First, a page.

PART ONE, THE CELLO
To the Student
My dear friend,
It happened as I predicted. You came to me an established cellist. You played all the concerti and chamber music and felt confident of your ability. True, you had some difficulty with intonation and your staccato did not seem very good. In addition you expected some help in the interpretation of the bigger works of our literature. But you had the feeling that these, plus a few other minor problems, could be corrected in just a few lessons.
When your time was over and you left for home, I felt great pity for you. You seemed broken and no longer knew what was right or wrong. This did not happen all at once. When you first came to me, I told you there were others who had come expecting to be helped in a short time, but were instead given the miserable feeling that they would never be able to play again. You were like the man who takes his car to the garage for a paintjob and two new spark plugs, only to be told the whole motor has to be taken out and a new electrical system put in, not only to make the car run better, but to allow her for the first time to take advantage of all her potentialities.
After seeing you leave in that desolate condition, I was more than pleased to read your letter, which shows so much appreciation, understanding, and good will. But it contains so many questions it would be difficult to answer all of them thoroughly without writing a whole book. And gradually this very idea took solid shape, until, finally, I decided to write it. I shall send you a chapter at a time as it is finished and I would appreciate your answering me right away to let me know of things that are unclear to you.
I had put you off balance and everything seemed upside down. You did not dare play a note for fear it would be wrong. You had become uncertain and self-conscious. You remember how surprised you were when, even as you tuned your cello, I made remarks about how I expected you to play in general. And how, in the course of the lessons, more or less for fun, I predicted how you would play certain phrases or how you would finger certain passages.
Why should that be so mysterious to you? Consider the amount of experience I have collected over the years from teaching and giving auditions; consider that my present technique was developed in direct opposition to the way I was taught to play myself; and consider that I am seldom satisfied with my own playing and, if at all, only with parts, never with a whole performance. Then perhaps you will understand that, even if music and some of its great performers are still a mystery to me, there is nothing that can be done on the cello or any other instrument, whether it be improbable or impossible, that will ever surprise me.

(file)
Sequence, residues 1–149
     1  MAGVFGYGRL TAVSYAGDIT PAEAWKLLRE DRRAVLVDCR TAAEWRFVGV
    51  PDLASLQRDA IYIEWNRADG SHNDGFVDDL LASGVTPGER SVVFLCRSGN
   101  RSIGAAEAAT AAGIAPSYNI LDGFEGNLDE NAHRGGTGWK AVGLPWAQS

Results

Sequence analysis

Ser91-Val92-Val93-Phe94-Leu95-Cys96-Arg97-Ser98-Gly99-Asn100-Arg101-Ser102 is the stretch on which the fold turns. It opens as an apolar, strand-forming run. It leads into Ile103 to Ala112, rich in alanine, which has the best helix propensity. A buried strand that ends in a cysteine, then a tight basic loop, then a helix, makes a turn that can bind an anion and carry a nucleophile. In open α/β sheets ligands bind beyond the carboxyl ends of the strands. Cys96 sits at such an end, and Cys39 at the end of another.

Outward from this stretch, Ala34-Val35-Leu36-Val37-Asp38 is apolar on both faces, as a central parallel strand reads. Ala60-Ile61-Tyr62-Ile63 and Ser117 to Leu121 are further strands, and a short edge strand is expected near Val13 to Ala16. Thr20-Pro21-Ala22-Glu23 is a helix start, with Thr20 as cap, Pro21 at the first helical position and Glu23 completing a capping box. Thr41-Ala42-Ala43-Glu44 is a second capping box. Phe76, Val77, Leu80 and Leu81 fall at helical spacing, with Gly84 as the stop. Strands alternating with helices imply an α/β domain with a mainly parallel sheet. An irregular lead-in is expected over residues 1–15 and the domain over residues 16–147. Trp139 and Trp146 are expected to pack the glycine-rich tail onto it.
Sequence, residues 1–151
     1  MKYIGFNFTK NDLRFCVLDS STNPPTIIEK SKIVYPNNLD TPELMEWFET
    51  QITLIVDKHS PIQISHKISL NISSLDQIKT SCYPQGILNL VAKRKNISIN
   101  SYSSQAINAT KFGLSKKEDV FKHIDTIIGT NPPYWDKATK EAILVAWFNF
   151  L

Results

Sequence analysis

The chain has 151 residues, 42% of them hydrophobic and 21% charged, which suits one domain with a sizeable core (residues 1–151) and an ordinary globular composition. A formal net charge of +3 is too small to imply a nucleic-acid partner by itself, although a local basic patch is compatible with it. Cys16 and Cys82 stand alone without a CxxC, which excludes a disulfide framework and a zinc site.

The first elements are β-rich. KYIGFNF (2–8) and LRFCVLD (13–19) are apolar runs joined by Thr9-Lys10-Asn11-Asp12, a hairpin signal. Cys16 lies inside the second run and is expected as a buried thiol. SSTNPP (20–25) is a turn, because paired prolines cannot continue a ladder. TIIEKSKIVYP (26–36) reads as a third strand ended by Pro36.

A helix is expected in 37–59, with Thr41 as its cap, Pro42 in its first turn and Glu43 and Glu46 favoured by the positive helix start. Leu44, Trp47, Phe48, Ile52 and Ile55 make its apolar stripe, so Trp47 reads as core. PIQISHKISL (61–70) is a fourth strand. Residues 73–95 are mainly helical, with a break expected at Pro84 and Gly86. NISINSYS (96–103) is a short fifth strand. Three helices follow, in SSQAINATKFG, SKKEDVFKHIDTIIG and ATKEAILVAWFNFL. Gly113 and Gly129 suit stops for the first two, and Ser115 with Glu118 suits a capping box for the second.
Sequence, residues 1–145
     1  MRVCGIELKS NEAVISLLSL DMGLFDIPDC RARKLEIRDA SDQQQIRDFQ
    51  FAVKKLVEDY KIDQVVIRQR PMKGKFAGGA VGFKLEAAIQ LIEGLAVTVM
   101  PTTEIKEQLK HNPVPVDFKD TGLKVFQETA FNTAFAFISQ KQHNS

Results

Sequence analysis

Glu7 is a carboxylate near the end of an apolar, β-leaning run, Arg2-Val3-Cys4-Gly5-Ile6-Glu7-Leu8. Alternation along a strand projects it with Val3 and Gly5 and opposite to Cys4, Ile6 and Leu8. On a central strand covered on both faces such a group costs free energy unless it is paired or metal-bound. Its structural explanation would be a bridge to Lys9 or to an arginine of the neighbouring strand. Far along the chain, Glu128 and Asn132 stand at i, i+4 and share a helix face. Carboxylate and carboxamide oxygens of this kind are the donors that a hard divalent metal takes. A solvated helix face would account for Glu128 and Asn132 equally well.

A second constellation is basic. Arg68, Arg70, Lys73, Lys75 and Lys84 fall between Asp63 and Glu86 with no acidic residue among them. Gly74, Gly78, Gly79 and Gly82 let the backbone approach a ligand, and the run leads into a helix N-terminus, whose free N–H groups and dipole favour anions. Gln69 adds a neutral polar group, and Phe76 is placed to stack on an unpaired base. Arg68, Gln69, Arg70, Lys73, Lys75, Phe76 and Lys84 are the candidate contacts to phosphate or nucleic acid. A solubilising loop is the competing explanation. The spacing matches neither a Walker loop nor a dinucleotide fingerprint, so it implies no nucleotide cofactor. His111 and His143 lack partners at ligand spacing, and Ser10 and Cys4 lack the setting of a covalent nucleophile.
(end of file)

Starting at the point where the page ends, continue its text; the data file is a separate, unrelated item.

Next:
However, I would be immodest if I let you believe that I was the only one who knew how badly a stringed instrument can be played. Not long ago, I heard perhaps the best living violinist play the first movement of a Viotti concerto so poorly, with every possible mistake, that, closing my eyes, I could have imagined I was listening to it at a pupil's concert in Kalamazoo.
I realize that in performing, as in all other things, there is a scale from the best to the worst. The question arises automatically, why is it that in all other professions there is an effort made to raise the standard and the average, while in our profession, there is not even the slightest attempt to recognize existing lacks or more especially the need for correction?
Nine times out of ten when I hear cello playing, I cannot but ask myself, does cello playing mean turning off the brain and ear and the connecting muscular system? I shall go so far as to insist that, as absurd as it may sound, brain and ear muscles must have been turned off in order for generation after generation to have produced cellists whose playing is an insult to the ear. Even worse: that it is not generally so perceived that there is an even more shameful reason behind it-one expects nothing special from the average cellist and accepts unquestioningly that the difference between the few really good cellists and the mass of cellists must be so great. Besides, most people are too polite and few are interested enough to perceive the reasons for the difference.